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Ask Nicole: Preparing for a New School Year PDF Print E-mail
Written by Nicole M. Young   

I’ve been out of school for decades, but I still have a recurring dream where it’s the first day of school and I can’t find my locker. Everyone else is laughing, talking, and putting their books away, while I stand by feeling panicked. Eventually, I find my locker but can’t remember the combination to open the lock. At least I’m wearing pants in this dream.

 

I loved school in real life, but I remember starting every year feeling nervous and excited. Will I like my teacher? Will I have the same friends? Will the homework be too hard? I see my kids begin each school year with the same nervous energy. The nervousness always wears off after awhile, and they do just fine in school. I know it’s not that way for every child, though, which can make life feel like a recurring bad dream.

 

This monthly column provides tips for anyone who is raising children, based on the world-renowned Triple P – Positive Parenting Program, available to families in Santa Cruz County. If you have a question or idea for a future column, please email me at This e-mail address is being protected from spambots. You need JavaScript enabled to view it

 

Dear Nicole,

Last year, my 7-year old son got into trouble almost every day for being disruptive and not following his teacher’s directions and classroom rules. It was stressful for everyone, and it became a battle to get my son to go to school. I’m teaching him to listen and follow rules at home, and it’s getting better. But I’m worried his new teacher has heard stories and already decided my son is a trouble-maker. What can I do to make this school year go better?

-       Hector

 

Dear Hector,

I’m glad you’ve reached out and asked for suggestions. Behavior problems at school can be stressful for children, parents, teachers, and administrators. The more that parents and teachers can work as a team, the more it benefits all children in the classroom. Here are some tips to try:

 

Identify the causes of the disruptive behaviors. Children “act out” at school for different reasons. Some children break rules because they are unclear or unrealistic. Other children become disruptive because they’re bored, tired, hungry, want to make their peers laugh, or find it’s an effective way to get the teacher’s attention. Disruptive behaviors can also be a sign of learning difficulties, mental health issues, or conflict with friends or family. Think back to last year to see if any of these issues might have contributed to your son’s behaviors. This can lead to ideas for preventing or handling similar situations this year.

 

Talk with your child about the new school year. Ask how he’s feeling about school, what he’s looking forward to, and what he’s wondering or worrying about. Then ask how he’d like this year to be different from last year. Talk about the importance of following rules at school – just like at home – so that everyone has a chance to learn. Help him set at least one goal for something to improve on this year, such as following his teacher’s directions, and have him identify steps he can take to meet that goal. Agree on a practical yet motivating reward he can earn for achieving his goal, such as a special activity with you, an extra 15-minutes of screen time, or a new book.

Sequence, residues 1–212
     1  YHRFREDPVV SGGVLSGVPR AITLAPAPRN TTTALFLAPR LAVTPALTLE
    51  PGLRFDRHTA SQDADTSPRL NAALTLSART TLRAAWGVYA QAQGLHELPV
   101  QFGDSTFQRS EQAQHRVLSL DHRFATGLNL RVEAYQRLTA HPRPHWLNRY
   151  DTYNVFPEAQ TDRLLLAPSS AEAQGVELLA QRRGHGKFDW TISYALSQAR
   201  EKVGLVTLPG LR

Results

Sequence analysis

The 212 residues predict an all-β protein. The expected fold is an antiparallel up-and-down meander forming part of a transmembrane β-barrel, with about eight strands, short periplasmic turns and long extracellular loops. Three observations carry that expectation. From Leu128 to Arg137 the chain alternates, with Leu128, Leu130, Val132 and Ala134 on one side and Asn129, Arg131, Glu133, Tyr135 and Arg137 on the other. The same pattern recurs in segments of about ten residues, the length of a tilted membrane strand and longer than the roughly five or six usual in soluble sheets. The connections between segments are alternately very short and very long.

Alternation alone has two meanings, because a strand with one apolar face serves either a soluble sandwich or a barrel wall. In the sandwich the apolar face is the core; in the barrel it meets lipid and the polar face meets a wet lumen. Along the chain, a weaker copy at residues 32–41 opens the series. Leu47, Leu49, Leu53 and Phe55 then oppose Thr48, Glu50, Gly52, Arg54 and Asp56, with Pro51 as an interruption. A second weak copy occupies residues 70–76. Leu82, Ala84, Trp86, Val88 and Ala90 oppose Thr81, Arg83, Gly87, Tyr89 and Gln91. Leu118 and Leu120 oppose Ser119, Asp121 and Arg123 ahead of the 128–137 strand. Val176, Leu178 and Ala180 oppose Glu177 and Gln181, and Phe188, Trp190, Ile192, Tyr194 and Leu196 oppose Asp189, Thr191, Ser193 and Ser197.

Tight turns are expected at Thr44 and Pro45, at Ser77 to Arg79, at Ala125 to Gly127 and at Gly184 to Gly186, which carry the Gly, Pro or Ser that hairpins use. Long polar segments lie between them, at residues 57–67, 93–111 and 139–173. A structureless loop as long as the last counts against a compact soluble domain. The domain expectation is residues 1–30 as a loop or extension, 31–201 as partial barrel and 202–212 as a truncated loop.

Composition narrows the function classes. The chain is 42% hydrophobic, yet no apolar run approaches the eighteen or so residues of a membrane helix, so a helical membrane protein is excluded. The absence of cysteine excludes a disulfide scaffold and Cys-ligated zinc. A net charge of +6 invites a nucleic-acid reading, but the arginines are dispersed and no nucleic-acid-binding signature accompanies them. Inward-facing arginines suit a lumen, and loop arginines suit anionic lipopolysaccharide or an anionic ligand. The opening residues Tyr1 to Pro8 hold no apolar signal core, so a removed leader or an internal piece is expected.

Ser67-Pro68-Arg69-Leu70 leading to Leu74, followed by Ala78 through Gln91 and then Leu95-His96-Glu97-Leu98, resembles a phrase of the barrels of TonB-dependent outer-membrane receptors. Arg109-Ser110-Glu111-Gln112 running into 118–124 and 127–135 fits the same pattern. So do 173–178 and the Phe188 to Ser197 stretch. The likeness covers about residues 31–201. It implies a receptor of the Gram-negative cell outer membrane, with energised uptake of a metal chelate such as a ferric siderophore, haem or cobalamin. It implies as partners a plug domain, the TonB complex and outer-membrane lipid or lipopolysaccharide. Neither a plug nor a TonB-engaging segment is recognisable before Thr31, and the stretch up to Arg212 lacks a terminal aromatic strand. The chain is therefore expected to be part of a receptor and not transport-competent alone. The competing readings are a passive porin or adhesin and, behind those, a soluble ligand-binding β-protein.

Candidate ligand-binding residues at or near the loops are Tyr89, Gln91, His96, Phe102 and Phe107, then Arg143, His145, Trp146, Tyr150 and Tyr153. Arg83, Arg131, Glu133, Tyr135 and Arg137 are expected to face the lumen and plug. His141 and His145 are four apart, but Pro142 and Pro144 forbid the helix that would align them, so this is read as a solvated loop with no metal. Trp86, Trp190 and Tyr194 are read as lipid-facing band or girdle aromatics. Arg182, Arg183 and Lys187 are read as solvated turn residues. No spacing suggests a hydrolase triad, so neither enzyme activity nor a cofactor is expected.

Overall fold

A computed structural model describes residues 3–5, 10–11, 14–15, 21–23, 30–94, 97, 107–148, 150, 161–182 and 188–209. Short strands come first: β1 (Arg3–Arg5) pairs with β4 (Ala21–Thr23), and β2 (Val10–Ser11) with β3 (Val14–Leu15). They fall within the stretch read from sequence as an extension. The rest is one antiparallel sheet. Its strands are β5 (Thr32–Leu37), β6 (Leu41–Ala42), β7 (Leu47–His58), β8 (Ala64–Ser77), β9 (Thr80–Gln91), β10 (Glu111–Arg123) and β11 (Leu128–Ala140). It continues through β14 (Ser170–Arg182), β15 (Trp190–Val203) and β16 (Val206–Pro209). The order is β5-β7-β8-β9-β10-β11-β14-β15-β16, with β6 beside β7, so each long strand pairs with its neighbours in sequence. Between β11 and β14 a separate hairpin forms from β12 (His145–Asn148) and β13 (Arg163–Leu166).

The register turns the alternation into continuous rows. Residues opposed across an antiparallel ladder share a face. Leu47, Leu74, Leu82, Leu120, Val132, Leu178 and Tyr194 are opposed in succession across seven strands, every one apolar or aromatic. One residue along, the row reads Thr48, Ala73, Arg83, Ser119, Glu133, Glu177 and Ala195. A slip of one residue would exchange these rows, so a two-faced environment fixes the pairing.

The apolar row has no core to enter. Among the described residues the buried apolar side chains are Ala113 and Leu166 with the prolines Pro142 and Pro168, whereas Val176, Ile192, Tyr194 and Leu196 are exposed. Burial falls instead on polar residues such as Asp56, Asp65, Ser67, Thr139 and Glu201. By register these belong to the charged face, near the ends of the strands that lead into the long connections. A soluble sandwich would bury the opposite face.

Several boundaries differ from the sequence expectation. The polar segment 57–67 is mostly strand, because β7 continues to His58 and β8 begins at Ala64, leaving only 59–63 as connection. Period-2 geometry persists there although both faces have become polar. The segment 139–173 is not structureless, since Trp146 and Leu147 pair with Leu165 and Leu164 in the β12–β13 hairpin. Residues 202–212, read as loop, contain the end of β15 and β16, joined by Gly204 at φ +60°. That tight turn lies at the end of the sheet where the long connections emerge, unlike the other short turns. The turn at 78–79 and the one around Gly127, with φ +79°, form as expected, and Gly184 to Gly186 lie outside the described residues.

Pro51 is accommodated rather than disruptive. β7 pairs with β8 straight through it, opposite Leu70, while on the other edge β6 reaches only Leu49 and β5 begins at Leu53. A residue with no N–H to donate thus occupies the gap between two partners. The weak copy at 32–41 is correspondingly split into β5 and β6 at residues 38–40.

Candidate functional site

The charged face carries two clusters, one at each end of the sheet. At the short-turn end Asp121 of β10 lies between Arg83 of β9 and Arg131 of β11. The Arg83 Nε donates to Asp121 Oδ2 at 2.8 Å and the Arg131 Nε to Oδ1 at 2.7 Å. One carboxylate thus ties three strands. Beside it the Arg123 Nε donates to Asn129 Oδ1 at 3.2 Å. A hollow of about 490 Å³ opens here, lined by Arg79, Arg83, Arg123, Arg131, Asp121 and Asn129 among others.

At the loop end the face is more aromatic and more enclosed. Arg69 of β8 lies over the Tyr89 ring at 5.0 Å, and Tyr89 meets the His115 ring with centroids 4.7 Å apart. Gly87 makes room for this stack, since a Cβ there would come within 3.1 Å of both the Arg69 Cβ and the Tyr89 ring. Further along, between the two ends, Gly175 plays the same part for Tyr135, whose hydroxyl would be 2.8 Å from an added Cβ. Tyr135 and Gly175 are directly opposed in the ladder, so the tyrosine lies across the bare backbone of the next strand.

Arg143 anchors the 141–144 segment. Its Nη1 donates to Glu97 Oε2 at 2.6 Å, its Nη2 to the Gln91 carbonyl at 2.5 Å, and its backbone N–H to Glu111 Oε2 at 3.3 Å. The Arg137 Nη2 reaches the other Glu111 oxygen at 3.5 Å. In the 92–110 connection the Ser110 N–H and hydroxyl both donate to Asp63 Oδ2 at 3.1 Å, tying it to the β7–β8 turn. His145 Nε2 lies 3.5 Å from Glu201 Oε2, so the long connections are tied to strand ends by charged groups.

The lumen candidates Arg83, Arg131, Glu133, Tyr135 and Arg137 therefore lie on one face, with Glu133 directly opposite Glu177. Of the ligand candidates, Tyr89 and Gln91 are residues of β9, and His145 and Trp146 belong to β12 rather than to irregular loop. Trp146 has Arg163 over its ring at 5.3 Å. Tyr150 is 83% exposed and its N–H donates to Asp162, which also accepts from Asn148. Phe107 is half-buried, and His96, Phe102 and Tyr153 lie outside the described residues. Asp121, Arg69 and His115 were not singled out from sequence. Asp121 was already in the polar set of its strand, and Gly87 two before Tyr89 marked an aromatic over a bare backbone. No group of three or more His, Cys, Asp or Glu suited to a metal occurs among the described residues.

Establish a good relationship with the teacher. Request a meeting with your child’s teacher as soon as possible. Explain you’d like to work as a team to make the school year a positive experience for everyone. Briefly describe the previous year’s challenges, potential causes of the disruptive behaviors, and your son’s goals for the new year. Let the teacher know your son is working on listening and following directions, and share your approaches for encouraging positive behaviors and handling challenging behaviors that work well at home. Ask the teacher about the classroom rules and how disruptive behaviors are handled. Find out what you can do to support the teacher’s efforts to help your son learn and succeed in school. If you think your son has a learning disability or could use extra social-emotional support, ask about resources the school or district can offer.

 

FINAL THOUGHTS: Starting a new school year creates anxiety for many children and families, especially if school has been difficult in the past. Treat each year as a fresh start and build the communication and relationships that will help you, your child and your child’s teacher work as a team through both the fun and challenging times.

Nicole Young is the mother of two children, ages 13 and 17, who manages Santa Cruz County's Triple P - Positive Parenting Program, the world's leading positive parenting program. Scientifically proven, Triple P is made available locally by First 5 Santa Cruz County, the Santa Cruz County Health Services Agency (Mental Health Services Act) and the Santa Cruz County Human Services Department. To find a Triple P parenting class or practitioner, visit http://triplep.first5scc.org, www.facebook.com/triplepscc or contact First 5 Santa Cruz County at 465-2217 or This e-mail address is being protected from spambots. You need JavaScript enabled to view it .

Last Updated on Thursday, 31 August 2017 02:23
 
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